Yes, it is possible to tackle the process of probate yourself, particularly where the estate is straightforward and there is only one beneficiary.
The Ministry of Justice has good online support: http://www.justice.gov.uk/courts/probate
However, applying for Probate involves a lot of letter writing and form filling, and then frequently chasing companies which haven’t responded. All the assets of the person who has died, plus gifts they have made in the years before they died must be scrupulously reported. Everything must be completely accurate as the executors will be swearing under oath that the information given is correct, and any tax liability is calculated from the figures provided. The work must be finished by transferring all assets to the named beneficiaries, or selling them and accounting to the beneficiaries for the proceeds. You need attention to detail, patience and time.
So why would I use a solicitor?
- The amount of work in getting probate can be huge and time consuming. If someone else can do it for you for a reasonable price, do you really want to take it on?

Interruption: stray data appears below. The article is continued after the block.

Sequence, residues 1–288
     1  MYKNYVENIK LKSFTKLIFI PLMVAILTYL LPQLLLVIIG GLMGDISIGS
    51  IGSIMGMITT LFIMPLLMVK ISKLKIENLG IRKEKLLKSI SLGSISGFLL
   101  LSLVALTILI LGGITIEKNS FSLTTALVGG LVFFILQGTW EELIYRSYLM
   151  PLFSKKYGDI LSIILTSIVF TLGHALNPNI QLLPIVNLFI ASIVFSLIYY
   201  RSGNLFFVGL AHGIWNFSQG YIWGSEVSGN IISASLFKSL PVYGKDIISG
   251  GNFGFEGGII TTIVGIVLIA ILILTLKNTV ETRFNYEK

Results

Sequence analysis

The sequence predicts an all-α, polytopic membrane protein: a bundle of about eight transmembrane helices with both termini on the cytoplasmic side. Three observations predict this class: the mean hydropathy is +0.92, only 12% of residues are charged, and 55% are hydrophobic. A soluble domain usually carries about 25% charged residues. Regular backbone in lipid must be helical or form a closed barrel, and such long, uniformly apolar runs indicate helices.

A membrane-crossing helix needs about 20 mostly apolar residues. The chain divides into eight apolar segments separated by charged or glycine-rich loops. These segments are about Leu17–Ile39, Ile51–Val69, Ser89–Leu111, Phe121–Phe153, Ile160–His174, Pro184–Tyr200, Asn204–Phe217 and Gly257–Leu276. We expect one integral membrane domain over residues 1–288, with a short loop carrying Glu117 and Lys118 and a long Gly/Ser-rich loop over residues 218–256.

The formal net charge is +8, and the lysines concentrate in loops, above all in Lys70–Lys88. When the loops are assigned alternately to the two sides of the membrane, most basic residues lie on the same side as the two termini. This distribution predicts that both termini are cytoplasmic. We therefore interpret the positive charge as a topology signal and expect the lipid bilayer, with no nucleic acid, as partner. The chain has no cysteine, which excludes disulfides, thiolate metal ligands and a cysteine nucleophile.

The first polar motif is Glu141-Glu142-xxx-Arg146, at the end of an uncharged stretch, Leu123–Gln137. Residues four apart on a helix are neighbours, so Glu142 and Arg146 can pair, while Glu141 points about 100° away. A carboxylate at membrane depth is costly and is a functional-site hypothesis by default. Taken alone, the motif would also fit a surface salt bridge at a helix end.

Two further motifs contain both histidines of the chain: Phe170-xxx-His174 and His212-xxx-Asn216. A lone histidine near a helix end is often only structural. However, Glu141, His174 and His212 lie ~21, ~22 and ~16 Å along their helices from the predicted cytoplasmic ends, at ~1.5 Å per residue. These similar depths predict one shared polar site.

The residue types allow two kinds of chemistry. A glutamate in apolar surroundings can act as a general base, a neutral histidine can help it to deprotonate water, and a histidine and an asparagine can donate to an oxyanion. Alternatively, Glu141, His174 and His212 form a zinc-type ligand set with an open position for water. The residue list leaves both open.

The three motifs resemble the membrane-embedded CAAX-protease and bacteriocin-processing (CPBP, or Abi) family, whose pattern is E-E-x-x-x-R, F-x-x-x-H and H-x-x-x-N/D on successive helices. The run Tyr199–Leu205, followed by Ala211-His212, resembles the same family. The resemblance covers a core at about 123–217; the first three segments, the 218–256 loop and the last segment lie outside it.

- You can get it wrong – if the tax declaration is inaccurate there may be significant fines; beneficiaries can sue you if you pay them the incorrect amount, as can creditors if you don’t pay the debts of the deceased. For example, there may be money owing to the Department for Work and Pensions (DWP); if you pay the beneficiaries before you have clearance (which can take several months) you may be personally liable to repay the DWP
- You might miss tax recovery and planning opportunities.
- Following the death of a second parent inter sibling rivalries can bubble to the surface. Do you really want to be the one doing all the hard work of getting probate, then having to justify your actions to your siblings?
- A good solicitor will help and support you through a difficult time, answering lots of questions, including some which are not immediately relevant to getting probate. Therefore, having a trusted expert on hand will ensure that you get things right.